Far North mayor John Carter will not say if he was surprised to find himself a candidate, not a shoo-in, this time round.
He might have almost sleep-walked to victory unopposed, until rival Peter Gill threw his name into the ring at the last minute. (Mr Gill has accused the current council of being somewhat somnolent; his own slogan is Awake at the Wheel.)
Asked if he saw the challenge as serious, Mr Carter responded: "Look, I always take it seriously. "I'm out campaigning, patting babies and kissing their mothers, as I always do.
If there were no competitors, of course I wouldn't have to campaign, but I'm working as hard as I ever have to win re-election."
It would, he said, be disrespectful to the voters and the other candidate not to do so. If re-elected, he wants to push on with work already put in train by the current council that would bring tangible benefits and outcomes.
But there is a candid admission from a mayor who has worked as a manager in local government's pre-amalgamation structure, been elected on to various local authority boards and spent 24 years as a National member of Parliament, when his Cabinet roles included Minister for Local Government.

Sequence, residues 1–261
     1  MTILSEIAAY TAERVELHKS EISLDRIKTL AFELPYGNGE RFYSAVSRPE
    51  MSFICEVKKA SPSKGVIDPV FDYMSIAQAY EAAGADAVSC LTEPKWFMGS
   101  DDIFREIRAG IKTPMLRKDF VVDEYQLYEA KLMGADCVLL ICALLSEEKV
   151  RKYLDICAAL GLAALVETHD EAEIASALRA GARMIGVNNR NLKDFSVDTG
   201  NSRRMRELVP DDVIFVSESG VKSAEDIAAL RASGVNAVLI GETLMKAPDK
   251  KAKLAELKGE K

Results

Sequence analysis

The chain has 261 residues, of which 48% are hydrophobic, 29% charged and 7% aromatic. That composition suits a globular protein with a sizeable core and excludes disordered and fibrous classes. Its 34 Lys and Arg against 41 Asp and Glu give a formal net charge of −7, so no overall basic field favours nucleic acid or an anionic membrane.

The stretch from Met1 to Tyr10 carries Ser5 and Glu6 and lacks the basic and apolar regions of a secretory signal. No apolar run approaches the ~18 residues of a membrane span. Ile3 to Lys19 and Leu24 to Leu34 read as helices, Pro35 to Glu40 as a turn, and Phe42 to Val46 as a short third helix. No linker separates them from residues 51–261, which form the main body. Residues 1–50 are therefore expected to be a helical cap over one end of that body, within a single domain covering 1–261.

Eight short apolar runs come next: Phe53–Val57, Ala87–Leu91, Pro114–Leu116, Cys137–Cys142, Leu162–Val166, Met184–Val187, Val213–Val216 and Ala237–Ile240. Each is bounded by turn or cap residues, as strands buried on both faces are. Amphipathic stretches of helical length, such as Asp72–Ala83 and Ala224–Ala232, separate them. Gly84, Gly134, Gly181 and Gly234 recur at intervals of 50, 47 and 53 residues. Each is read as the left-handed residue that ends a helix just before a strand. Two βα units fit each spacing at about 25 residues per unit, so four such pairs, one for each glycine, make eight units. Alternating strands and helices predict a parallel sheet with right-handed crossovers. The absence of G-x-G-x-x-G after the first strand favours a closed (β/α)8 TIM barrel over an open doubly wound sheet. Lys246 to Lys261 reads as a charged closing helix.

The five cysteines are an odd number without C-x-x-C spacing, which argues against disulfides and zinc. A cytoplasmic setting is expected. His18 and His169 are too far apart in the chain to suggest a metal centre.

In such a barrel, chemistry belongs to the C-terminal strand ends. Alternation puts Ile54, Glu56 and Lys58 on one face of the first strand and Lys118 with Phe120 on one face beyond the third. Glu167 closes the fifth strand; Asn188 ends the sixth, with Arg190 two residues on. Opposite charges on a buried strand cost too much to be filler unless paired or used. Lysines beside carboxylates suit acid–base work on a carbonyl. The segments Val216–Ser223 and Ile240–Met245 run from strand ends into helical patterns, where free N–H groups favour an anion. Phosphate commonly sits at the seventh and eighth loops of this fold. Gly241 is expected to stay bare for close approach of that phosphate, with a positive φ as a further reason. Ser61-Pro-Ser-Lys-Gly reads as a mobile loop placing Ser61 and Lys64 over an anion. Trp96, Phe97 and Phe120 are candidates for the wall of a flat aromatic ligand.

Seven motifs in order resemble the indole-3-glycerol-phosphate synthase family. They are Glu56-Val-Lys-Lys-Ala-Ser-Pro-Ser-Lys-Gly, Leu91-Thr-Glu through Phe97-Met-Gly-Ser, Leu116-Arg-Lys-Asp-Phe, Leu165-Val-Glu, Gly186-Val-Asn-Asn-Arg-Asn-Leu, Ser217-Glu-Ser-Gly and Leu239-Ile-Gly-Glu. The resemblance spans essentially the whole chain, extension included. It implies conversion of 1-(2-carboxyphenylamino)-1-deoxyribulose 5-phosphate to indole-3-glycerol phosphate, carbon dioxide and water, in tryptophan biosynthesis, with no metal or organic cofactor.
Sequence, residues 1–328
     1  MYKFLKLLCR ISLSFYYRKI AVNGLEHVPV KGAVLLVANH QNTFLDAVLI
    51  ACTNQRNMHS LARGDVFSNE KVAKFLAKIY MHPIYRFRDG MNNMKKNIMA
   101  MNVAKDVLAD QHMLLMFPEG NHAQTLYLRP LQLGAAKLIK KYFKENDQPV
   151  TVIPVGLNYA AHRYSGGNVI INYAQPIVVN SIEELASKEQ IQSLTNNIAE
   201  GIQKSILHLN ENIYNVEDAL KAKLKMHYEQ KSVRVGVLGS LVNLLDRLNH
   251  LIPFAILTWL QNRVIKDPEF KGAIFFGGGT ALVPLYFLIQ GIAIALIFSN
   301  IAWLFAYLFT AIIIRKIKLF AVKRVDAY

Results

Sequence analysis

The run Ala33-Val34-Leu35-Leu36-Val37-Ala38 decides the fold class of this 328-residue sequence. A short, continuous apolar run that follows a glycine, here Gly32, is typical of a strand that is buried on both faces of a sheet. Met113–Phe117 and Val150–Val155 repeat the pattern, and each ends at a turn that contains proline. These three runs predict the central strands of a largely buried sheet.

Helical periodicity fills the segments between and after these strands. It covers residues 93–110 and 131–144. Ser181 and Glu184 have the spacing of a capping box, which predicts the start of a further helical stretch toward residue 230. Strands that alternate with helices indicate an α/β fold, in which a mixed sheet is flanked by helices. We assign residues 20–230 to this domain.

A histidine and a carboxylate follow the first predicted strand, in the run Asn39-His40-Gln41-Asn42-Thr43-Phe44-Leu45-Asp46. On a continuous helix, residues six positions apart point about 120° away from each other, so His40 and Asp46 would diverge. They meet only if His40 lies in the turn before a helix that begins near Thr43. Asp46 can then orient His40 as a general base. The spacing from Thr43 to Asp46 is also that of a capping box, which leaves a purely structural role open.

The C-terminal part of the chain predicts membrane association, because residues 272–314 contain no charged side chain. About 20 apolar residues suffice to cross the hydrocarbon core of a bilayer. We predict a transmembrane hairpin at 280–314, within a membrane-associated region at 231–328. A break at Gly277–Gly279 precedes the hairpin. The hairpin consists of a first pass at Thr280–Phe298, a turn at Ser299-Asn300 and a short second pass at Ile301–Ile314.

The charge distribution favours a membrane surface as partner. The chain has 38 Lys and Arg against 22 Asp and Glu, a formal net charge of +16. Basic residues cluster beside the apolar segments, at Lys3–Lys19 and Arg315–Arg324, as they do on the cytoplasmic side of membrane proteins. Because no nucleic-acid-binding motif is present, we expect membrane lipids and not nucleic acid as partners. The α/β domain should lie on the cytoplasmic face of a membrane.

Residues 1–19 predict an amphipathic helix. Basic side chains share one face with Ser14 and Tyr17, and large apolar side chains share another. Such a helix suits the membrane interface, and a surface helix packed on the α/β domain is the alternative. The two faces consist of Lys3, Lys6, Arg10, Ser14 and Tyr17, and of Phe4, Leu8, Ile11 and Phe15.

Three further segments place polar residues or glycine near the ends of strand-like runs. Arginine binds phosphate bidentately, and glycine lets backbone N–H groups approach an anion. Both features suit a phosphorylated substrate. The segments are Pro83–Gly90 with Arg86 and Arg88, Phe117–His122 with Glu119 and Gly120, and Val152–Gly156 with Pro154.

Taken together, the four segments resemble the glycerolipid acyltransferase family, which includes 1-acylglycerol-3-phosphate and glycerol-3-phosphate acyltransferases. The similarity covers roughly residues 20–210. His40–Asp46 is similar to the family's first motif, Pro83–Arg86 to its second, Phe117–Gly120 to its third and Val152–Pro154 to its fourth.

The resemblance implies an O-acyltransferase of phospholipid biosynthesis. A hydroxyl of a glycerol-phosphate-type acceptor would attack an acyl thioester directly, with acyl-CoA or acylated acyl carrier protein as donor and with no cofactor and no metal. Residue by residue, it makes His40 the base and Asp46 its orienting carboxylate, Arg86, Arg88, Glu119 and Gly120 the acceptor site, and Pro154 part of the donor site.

"The last three years as mayor have been a huge learning curve. I made the wrong assumption it would be a breeze."
The current council came into term in repair and damage control mode, Mr Carter said.
"I'm a hands-on mayor and I make no apology for that, but it is not our role to manage, although we do monitor."
His inside knowledge of central government and networks was useful in advocating for and dealing with Far North issues, he said, but the council's best work was being done at a more grassroots level.
"I'm really proud that we've managed to help unite the various communities and the disaffected people of the Far North. The biggest thing gained in my time as mayor has been changing the council to a body that is community-led. Introducing that culture change has been a biggie and there is still some way to go."
The main issue facing the Far North is predominantly economic, according to Mr Carter.
Inter-council and other regional bodies - an example being the Northland Roading Alliance - working together was critical, he said.
"Unfettering multi-owned Maori land to enable it to become a cultural, spiritual and economic asset for those owners. We all have a role to play in that, as leaders."
The mantra he would espouse if re-elected was "the little things matter" - and those would mostly be decided not by a mayor but at community level, on a path already mapped out.